ו וּשְׁמַרְתֶּם, וַעֲשִׂיתֶם--כִּי הִוא חָכְמַתְכֶם וּבִינַתְכֶם, לְעֵינֵי הָעַמִּים: אֲשֶׁר יִשְׁמְעוּן, אֵת כָּל-הַחֻקִּים הָאֵלֶּה, וְאָמְרוּ רַק עַם-חָכָם וְנָבוֹן,
הַגּוֹי הַגָּדוֹל הַזֶּה.
ח וּמִי גּוֹי גָּדוֹל, אֲשֶׁר-לוֹ חֻקִּים וּמִשְׁפָּטִים צַדִּיקִם, כְּכֹל הַתּוֹרָה הַזֹּאת, אֲשֶׁר אָנֹכִי נֹתֵן לִפְנֵיכֶם הַיּוֹם.
These pesukim (Devarim 4:6-8) in last week's parsha relate how the nations of the world will come to recognize the wisdom of the Jewish people by observing the moral conduct engendered by observance of halacha. Pasuk 6 tells us that the nations will remark that we must be a great nation because we have such a remarkable ethical code; pasuk 8 echoes the same sentiment. Couched between these two sentences there is another pasuk that I left out:
"Ki mi goy gadol asher lo Elokim kerovim eilav k'Hashem Elokeinu b'chol koreinu eilav."
How does recognizing that G-d answers the prayers of the Jewish people fit the theme of pesukim 6 and 8 which speak of the rational appreciation of Torah law as a superior moral system?
The answer can be gleaned from a remarkable Chasam Sofer which highlights one word in pasuk 6 that changes the entire thrust of the parsha. Pasuk 6 starts: "U'Shemartem" -- guard yourself -- a word the gemara reads in many places as implying a prohibition. Turning the simple meaning of the pasuk on its head, Chasam Sofer writes that the Torah is warning, "u'shemartem", against thinking that Torah must be obeyed because even the nations of the world and secular scholars appreciate its rationality. Obeying halacha just because it "makes sense" and a Jew can be respected outside in the world for how he acts is a poor motivation, because what "makes sense" does not always accord with what the halacha actually demands.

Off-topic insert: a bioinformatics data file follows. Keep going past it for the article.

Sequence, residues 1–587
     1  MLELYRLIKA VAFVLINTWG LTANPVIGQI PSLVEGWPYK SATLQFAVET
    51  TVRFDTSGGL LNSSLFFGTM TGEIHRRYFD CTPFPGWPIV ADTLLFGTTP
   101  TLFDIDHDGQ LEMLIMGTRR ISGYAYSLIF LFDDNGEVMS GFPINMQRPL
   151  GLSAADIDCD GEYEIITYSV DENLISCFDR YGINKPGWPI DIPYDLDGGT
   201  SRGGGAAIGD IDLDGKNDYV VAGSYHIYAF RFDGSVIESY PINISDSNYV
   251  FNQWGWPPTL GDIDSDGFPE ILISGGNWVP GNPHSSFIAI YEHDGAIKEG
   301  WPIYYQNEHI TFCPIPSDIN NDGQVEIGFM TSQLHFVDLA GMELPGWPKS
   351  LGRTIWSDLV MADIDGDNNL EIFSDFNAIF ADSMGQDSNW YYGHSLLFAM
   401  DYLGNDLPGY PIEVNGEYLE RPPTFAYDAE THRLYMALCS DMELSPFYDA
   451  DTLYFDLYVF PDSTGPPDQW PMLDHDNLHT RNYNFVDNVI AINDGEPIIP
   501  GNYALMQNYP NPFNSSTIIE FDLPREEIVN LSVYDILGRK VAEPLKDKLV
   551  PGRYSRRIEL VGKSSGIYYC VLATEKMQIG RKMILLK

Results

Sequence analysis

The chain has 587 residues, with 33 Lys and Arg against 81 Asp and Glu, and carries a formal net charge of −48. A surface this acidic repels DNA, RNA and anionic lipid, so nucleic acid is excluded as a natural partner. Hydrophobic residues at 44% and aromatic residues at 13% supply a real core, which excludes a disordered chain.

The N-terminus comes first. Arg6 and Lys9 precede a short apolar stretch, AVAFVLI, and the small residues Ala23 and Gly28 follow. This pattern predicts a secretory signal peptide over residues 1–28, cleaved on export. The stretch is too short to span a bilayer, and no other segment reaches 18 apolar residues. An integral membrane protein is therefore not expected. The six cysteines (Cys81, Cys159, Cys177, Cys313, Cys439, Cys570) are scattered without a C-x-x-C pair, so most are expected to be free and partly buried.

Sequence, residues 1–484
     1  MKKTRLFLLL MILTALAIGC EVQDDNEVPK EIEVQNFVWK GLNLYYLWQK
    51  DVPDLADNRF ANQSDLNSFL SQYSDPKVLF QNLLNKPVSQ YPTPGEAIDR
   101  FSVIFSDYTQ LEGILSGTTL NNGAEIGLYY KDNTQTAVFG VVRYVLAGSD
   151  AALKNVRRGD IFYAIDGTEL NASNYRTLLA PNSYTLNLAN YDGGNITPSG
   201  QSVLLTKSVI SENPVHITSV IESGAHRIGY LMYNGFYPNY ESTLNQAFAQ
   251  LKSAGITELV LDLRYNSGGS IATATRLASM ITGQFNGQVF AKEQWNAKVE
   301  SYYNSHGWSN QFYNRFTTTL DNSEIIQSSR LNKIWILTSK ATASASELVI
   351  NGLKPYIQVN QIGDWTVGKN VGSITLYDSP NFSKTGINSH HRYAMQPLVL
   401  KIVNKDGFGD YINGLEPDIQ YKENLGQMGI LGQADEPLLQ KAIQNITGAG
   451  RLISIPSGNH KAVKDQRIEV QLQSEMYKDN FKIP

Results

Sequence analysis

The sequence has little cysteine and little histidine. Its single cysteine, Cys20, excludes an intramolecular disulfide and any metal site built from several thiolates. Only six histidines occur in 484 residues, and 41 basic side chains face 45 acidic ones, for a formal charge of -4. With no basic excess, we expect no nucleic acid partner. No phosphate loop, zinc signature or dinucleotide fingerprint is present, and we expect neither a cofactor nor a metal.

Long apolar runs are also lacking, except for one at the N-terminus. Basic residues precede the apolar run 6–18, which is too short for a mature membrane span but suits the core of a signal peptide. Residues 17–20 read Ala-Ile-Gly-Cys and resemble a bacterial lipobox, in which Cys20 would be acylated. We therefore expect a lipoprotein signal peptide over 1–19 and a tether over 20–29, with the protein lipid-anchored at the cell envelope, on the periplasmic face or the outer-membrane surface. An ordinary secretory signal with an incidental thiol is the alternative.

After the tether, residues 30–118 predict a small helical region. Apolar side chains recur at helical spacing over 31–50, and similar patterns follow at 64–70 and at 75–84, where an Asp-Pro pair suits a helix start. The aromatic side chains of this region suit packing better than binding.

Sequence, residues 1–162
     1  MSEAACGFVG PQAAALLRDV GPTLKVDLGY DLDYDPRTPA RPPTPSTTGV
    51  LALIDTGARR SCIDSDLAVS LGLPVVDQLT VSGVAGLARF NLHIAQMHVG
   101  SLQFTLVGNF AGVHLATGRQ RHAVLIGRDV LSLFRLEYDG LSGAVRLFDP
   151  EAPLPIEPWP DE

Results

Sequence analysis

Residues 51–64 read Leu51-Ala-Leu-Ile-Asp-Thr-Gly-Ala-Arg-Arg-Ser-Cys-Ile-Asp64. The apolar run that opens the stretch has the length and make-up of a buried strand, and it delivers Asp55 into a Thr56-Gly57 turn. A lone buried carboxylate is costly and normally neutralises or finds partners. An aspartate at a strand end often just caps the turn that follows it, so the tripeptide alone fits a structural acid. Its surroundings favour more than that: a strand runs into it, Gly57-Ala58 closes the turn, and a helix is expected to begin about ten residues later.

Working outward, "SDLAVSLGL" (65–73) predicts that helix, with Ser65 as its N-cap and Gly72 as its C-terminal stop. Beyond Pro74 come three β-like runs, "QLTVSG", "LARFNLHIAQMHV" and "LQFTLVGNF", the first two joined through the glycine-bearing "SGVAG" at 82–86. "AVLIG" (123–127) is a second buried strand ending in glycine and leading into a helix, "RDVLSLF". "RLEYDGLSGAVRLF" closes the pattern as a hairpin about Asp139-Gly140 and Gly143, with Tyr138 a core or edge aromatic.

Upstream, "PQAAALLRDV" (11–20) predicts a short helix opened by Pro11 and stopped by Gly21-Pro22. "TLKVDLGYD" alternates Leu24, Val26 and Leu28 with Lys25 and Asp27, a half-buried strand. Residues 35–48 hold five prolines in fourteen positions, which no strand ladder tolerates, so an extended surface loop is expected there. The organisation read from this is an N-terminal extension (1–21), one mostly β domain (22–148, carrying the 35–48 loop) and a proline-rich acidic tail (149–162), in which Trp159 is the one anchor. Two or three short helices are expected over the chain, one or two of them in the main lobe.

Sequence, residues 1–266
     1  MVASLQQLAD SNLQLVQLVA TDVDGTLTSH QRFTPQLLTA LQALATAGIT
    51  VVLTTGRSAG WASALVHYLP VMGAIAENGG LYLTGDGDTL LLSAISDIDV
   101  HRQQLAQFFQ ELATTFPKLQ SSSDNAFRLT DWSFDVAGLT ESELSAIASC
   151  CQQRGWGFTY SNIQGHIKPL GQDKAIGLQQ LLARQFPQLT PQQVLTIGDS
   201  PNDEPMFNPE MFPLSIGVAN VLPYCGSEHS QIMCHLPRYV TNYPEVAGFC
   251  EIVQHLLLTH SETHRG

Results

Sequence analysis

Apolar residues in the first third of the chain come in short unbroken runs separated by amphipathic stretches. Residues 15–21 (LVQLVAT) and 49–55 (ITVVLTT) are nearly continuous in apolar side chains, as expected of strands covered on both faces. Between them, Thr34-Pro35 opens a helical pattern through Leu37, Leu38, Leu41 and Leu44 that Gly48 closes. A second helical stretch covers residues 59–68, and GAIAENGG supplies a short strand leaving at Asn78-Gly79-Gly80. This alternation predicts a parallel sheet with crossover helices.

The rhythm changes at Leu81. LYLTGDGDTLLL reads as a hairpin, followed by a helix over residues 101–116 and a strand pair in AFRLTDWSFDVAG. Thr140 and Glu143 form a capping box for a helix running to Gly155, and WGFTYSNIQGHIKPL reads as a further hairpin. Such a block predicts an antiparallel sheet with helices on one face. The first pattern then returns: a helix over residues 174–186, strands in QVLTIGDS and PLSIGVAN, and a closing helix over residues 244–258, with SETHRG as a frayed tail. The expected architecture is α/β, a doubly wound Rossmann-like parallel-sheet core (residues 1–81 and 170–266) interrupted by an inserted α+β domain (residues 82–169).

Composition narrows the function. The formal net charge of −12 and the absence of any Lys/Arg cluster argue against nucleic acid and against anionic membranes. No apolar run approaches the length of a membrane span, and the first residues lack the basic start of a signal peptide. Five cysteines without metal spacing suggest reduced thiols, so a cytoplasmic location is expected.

Furthermore (and this explains pasuk 7), if a moral code that makes sense is all there is to Torah, then it makes no sense to daven by a sick person's bedside hoping s/he will get better. Can you explain to the nations how bacteria are affected by tefilah? Can you explain why G-d should save another person just because little you stand there and mutter a few perakim of tehillim? The wonder of Torah is not that "lo tignov" makes sense to any person who did not grow up in a jungle -- the wonder of Torah is that G-d actually listens to the tefilos of each and every one of us and responds in some way, "b'chol koreinu eilav."
[ I enjoyed this Chasam Sofer because of the way it subverts the pshuto shel mikra, but given recent events I'm a little worried lest the wrong impression be drawn. On the one hand, there is a need to be mindful of the temptation to mold belief and strip its mysteries to fit the perception of what others accept as "chacham v'navon". At the same time, there is a danger in losing sight completely of the impression one's actions make when viewed by the secular world. ]